Mr. Google is very helpfull today (credits to the original photographers):

image.jpeg.c8e9ba7cf6e33b3c7be43068166af9e1.jpeg

However, solder the wires, instead of wrapping.

 

Or try these boards for experimenting: they are very handy, but watch out for short-circuiting wires:

image.thumb.png.e86917f1f94fe321020150c1bf1ef01f.png

With this board you can try lots of different resistor values and LEDs in a short time. I used them a lot.

 

 

Note: LEDs have virtually no internal current-limiting features: if you apply a too high voltage without external resistor, or if you short-circuit the resistor by accident, the current can get very high and immediately burn out the LED. Don't ask how I know...  :-)

 

So, *always* use a separate resistor for current limiting, and never rely on the very unpredictable internal resistance of batteries, power supplies, or LEDs.

 

Further, when plying the leads, use a plier to grip the wire close to the LED, and bend it around the plier, on the side away from the LED. So don't put too much mechanical stress on the plastic housing of the LED. Pulling hard on the leads of tiny 1mm LEDs could cause them to break, since the plastic is not very strong. Here too, don't ask how I know...   :-)

 

These are a couple of very good educational Youtube videos on this subject:

- https://www.youtube.com/watch?v=Bozb8t6d1Xk

- https://www.youtube.com/watch?v=Yo6JI_bzUzo

- https://www.youtube.com/watch?v=NfcgA1axPLo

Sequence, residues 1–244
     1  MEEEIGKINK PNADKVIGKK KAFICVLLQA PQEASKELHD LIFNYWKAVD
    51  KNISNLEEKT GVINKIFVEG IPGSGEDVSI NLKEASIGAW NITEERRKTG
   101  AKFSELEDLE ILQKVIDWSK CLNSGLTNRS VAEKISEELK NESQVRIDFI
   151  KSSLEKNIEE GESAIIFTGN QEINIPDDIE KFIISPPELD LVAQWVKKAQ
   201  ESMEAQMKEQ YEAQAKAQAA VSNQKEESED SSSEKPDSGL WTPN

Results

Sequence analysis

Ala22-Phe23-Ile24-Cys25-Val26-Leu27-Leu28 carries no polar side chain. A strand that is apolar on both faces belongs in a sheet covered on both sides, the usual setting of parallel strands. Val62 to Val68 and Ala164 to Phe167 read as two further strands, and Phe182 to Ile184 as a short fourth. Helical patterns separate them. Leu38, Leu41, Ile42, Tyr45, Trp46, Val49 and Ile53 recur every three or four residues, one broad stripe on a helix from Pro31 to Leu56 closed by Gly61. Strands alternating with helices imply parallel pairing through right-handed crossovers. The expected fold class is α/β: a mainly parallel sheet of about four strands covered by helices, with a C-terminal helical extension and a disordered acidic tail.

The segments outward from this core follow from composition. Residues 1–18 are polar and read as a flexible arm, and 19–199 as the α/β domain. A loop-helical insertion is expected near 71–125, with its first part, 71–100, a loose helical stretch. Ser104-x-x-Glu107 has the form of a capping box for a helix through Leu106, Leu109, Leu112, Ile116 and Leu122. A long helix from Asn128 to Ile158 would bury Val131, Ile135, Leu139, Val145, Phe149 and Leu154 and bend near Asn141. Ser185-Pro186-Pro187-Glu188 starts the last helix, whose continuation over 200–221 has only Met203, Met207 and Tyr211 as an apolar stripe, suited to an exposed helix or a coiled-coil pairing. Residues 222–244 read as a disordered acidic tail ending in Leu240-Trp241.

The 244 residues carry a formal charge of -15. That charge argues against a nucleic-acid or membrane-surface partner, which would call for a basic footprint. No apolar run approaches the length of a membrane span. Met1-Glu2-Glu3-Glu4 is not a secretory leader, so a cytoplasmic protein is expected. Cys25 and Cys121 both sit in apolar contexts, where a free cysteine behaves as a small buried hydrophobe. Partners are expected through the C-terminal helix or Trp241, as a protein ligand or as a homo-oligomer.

- https://www.youtube.com/watch?v=VSpB3HivkhY

 

This reply is a bit longer than I intended, but fortunately I can type very fast. Also, I realise this is a bit off-topic concerning 3D-printing, but I think it is close enough. It may also be usefull for people who want to modify their 3D-printers to mount some indicator LEDs in it. For example you could mount a LED on the bed heater or on the (cold side of) the print head and nozzle, to see when it is on. Carefully calculate resistor-values (Ohms) and power-ratings (Watt).

 

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Posted · Post your latest print!
1 hour ago, geert_2 said:

Also, I realise this is a bit off-topic concerning 3D-printing, but I think it is close enough.

Don't worry, it is fully on topic because Cloakfiend has asked for help and your answer is really helpful and perfectly explained.

So shame on me that I only wrote "you need a resistor" 😞 

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Posted · Post your latest print!
26 minutes ago, Smithy said:

Don't worry, it is fully on topic because Cloakfiend has asked for help and your answer is really helpful and perfectly explained.

So shame on me that I only wrote "you need a resistor" 😞 

 

No shame on you. We do not always have the time to fully explain things. Further, I am working in an educational institution (university), where we are by law required to: "provide education, research and service to the community". Often I also have to provide explanations and guidance to collegues and PhD students about computers, software, and laboratory equipment. So I am used to it, and it fits within my job. Also, I enjoy sharing knowledge, so I don't mind doing this at all.   :-)